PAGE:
BEIJING, July 31 -- In the latest bid to remove obstacles to its urbanization drive, China on Wednesday announced plans to help about 100 million people settle in towns and cities by 2020.
A circular on the household registration, or "hukou," system said China will remove limits in townships and small cities, relax restrictions in medium-sized cities, and set qualifications for big cities.
The move could finally put an end to a system that has divided the nation into rural and urban populations since the 1950s.
Just like all other popular reforms launched in China recently, loosening the grip on hukou registration will no doubt contribute to China's future reforms and its pursuit of social justice.
Turning hundreds of millions of rural dwellers into urban consumers could also generate a dynamic driving force for the world's second-largest economy.
First launched in 1958, the hukou system classes China's population into rural and non-rural categories, to control the movement of people between those areas. Household registration is tied to one's place of residence and used to obtain access to basic welfare and public services.
But an increasing number of people are complaining that the way the registration is categorized has created an urban-rural divide.
About 52.6 percent of the population in China now live in cities. However, the proportion falls to 35.3 percent if the calculation is based on people's hukou.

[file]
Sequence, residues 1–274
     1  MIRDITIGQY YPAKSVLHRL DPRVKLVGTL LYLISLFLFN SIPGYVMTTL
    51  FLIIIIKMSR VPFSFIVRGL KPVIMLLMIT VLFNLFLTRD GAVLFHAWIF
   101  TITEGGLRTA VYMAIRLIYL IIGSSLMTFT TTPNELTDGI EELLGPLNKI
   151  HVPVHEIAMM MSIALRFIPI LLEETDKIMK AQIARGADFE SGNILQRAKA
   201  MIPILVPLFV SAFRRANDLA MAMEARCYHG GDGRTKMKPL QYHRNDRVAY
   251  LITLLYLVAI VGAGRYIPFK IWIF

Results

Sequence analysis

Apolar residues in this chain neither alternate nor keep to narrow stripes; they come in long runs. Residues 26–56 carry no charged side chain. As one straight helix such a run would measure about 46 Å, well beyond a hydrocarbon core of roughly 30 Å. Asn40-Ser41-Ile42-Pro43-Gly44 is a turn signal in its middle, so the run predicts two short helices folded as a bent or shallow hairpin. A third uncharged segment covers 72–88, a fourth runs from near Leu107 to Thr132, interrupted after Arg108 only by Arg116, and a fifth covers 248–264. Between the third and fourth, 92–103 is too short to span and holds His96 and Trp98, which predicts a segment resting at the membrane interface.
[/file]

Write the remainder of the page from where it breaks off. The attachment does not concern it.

Caught between the 17-point percentage gap are an army of over 200 million migrant workers, who have no urban social security entitlement and no access to public housing. Even their children have to pay extra fees to attend public schools.
The urban-rural gap has prompted previous administrations to experiment with reforms on the fringes of hukou for years.
As the country now embarks on a new campaign to comprehensively deepen reforms, expectations have been high for the hukou reform to also accommodate the broad changes that have taken place in China's social and economic spheres.
In a reform plan approved by the Third Plenary Session of the 18th Communist Party of China Central Committee last year, the country vowed to accelerate reform of the household registration system.
The country will relax control over farmers settling in towns and small cities, set reasonable requirements for rural residents to obtain hukou in large cities but will strictly control population size in megacities.
Such a differentiated approach is understandable and reasonable in the short run, given that the reform will concern hundreds of millions of people and thus should not be rushed.
According to an urbanization plan for the 2014-2020 period unveiled in March, China wants 60 percent of its population of 1.3 billion to be living in cities by 2020, while residents with city hukou should account for about 45 percent of the total population.
In addition, a large-scale population exodus from the countryside to cities could translate to enormous pressure on urban public services such as education, employment, medicare, pensions and affordable housing, and would call for coordinated reforms on every front.
But in the long run, attempts to control the size of the population in megacities by means of government regulations alone is far from enough.
Only by making small and medium-sized cities more attractive by recalibrating public services can the government truly relieve large cities and megacities of their huge population pressure, while bringing the benefits of China's hukou reforms into full play at the same time.